‘Into the Woods’ weaves fairy tales with dark twist

Photos by Kaiti Sullivan/The Herald
Shelby Hettinger of Jasper, left, portrays the witch, while producer Shane Denu of Jasper portrays the baker and Laura Witte of Evansville portrays the baker's wife during Wednesday's dress rehearsal of "Into the Woods" at Jasper Arts Center. Actors Community Theatre will present the show at the venue at 7:30 p.m. tonight, Friday and Saturday, and at 2 p.m. on Sunday. Tickets are $12.

By ALLEN LAMAN
alaman@dcherald.com

JASPER — A red cape, a golden slipper, magic beans and blond hair so long it can be used as a ladder.

Alone, these storybook symbols are tied to four iconic fairy tales with happily-ever-after endings. This weekend, Actors Community Theatre will weave and twist them into something a little darker, when the group puts on weekend performances of the famous musical, “Into The Woods.”

The first production will take the Jasper Arts Center stage at 7:30 p.m. tonight, and will return at the same time on Friday and Saturday. Sunday, an afternoon performance will begin at 2 p.m. Tickets are $12 and the show lasts roughly 2 ½ hours.

The gist of “Into The Woods” is this: The lives of Little Red Riding Hood, Cinderella, Rapunzel and Jack — who grows a beanstalk — are brought together by a baker and his wife, who search to break a curse that prevents the couple from having children.

That’s not it, though. What will happen after their happily ever after?

Director Matthew Herrmann, left, helps glue a mustache onto Samuel Osterman, 12, of Jasper, who portrays Cinderella's father, during Wednesday's dress rehearsal of "Into the Woods" at Jasper Arts Center.

Director Matt Herrmann explained that the musical tells the story of a family, while also exploring morals, relationships, and the concepts of wishing and hoping.

The cast consists of about 20 members from across Southern Indiana, who, at times, deliver lyrics and dialogue at a rapid-fire pace.

“It’s amazing chemistry,” Herrmann said of the group. Some members are as young as 12, while others, like Shane Denu, have been a part of the program for nearly two decades.

“ACT is a very welcoming community-based organization,” said Denu, who has been involved with the organization for 18 years and is currently on its board of directors. “It’s more like a family than anything else. It’s not a job, it’s fun. You get to meet different people all the time — it’s not always the same cast. And it’s so nice that an organization like this can be in the area and the community can be the stars.”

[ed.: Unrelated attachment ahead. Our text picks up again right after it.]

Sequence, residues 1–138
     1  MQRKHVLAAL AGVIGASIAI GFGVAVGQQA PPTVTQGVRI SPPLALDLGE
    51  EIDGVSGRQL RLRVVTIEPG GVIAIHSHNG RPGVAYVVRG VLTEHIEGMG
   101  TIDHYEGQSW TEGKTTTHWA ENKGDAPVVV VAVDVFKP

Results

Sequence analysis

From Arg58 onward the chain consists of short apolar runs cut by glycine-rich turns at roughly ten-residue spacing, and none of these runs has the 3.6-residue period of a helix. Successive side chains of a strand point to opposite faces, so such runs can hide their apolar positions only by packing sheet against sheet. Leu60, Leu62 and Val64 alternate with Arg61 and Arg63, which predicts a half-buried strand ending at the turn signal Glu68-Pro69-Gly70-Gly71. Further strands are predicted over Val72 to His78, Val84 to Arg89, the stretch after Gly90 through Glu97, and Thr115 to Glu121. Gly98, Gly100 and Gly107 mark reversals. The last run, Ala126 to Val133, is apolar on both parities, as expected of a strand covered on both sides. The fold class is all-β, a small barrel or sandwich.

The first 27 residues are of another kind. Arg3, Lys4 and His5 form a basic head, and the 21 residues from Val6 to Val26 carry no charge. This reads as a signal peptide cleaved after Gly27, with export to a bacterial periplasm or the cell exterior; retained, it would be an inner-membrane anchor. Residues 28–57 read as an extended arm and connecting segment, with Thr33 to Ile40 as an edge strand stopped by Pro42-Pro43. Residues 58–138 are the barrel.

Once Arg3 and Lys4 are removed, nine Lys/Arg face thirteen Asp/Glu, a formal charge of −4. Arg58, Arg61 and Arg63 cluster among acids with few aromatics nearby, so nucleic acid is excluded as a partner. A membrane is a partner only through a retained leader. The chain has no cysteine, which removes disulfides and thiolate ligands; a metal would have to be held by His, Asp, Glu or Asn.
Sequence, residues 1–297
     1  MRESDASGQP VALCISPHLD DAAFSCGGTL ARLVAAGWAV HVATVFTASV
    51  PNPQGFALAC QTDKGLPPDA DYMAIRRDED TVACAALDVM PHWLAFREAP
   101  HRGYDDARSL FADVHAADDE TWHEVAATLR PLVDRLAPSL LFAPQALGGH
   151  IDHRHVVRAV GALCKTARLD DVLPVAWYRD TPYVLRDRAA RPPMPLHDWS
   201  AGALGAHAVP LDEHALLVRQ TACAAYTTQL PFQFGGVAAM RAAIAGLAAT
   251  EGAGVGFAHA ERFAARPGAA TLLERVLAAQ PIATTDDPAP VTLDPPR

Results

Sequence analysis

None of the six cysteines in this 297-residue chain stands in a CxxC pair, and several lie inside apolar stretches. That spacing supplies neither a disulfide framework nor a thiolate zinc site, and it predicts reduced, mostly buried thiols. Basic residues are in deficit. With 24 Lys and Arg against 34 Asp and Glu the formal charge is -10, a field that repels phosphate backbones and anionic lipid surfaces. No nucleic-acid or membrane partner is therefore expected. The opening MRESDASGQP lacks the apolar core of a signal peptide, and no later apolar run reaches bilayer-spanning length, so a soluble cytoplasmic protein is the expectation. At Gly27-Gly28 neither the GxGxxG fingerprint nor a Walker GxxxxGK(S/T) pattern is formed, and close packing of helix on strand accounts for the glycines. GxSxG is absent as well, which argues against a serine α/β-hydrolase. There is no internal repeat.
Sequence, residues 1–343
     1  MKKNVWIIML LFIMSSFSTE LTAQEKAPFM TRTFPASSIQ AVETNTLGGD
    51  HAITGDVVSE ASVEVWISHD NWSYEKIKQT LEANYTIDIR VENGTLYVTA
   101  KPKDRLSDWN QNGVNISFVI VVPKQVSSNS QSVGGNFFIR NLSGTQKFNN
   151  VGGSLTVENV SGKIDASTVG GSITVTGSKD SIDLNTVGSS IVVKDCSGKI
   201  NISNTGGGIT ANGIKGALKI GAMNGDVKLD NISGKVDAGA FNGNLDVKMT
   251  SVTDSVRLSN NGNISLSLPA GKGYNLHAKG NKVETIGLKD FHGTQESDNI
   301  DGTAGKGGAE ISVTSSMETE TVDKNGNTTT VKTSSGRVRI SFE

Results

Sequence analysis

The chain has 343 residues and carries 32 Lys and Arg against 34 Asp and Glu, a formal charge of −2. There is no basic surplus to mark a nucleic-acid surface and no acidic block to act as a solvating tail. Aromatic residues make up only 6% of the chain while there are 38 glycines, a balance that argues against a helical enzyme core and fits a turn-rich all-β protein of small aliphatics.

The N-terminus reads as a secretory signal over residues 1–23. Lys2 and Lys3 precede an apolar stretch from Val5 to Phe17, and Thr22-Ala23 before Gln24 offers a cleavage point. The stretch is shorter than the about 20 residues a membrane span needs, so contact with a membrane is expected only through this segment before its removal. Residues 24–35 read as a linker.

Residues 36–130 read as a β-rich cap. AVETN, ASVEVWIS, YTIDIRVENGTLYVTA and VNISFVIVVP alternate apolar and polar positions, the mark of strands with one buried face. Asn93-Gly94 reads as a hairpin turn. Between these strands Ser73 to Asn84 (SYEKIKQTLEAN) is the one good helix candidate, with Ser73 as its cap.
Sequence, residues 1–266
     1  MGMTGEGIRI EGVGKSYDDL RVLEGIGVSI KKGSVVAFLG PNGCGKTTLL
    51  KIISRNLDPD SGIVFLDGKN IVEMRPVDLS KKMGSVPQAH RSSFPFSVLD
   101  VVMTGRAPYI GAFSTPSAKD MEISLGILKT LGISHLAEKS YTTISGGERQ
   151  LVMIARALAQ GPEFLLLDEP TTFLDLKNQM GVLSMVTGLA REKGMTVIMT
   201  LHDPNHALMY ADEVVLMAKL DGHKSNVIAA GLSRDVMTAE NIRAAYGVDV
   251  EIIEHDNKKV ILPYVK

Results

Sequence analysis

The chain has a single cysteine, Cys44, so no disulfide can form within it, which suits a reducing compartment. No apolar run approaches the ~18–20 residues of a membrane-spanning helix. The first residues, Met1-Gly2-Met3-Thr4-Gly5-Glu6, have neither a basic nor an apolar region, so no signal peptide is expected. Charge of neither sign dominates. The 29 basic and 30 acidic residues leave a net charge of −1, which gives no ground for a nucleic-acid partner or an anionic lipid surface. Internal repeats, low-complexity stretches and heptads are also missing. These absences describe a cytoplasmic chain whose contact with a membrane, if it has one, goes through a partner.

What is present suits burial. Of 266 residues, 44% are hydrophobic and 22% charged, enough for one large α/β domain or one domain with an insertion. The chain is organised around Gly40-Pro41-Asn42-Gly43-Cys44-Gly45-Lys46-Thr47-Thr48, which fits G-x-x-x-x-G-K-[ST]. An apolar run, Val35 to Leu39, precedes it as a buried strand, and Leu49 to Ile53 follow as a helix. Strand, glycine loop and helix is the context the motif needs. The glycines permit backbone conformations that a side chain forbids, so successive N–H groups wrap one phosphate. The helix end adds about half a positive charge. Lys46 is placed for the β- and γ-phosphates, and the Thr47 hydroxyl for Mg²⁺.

Though they were heavily involved with ACT when they were growing up, “Into the Woods” marks the first time in a decade that both Shelby Hettinger and Liz Book will be part of one of the group’s stage performances. But their return has been like riding a bike after spending years off one — much of their craft flowed right back into them when they stood on the stage.

“I think that this show has something for everyone,” said Hettinger, who plays the witch who cursed the baker’s family. “There’s a relatable plot line for everyone. [For] as out-of-the-box and kind of wacko as this show is, there’s a lot of very real issues that I think someone can relate to in every story. It’s witty and it’s really smart, and kind of dark humor, but it’s fun when you can pick up on those jokes. And it’s super entertaining.”

Alexis Kleiman, 15, of Jasper, left, portrays Little Red Riding Hood while Laura Witte of Evansville portrays the baker's wife during Wednesday's dress rehearsal of "Into the Woods" at Jasper Arts Center. The show will open 7:30 p.m. on Thursday.

Herrmann lives and works in theater in Los Angeles, but is staying with his parents in Evansville this summer. He was born in Evansville and has been in hundreds of area performances over the years — most recently in “Young Abe Lincoln” at the Lincoln Amphitheatre in 2017.

He said the “Into the Woods” set designers made a conscious effort to make the on-stage props as eco-friendly as possible. They sourced and carefully puzzled together cardboard and repurposable materials into cows, pigs, birds, a hen and a horse.

“It is ‘Into the Woods,’ and I don’t want to tear down the woods to create a woods,” Herrmann said.

He’s tried his best to bring his years of expertise and talent to the show, and he’s happy with how the cast has come together. The actors and those working behind the scenes have jobs and families and lives outside of the theater, but uniting them to bring the production to life has been a rewarding experience.

“You see them in a certain area, but here’s an opportunity to see them in a whole different light,” Herrmann said.




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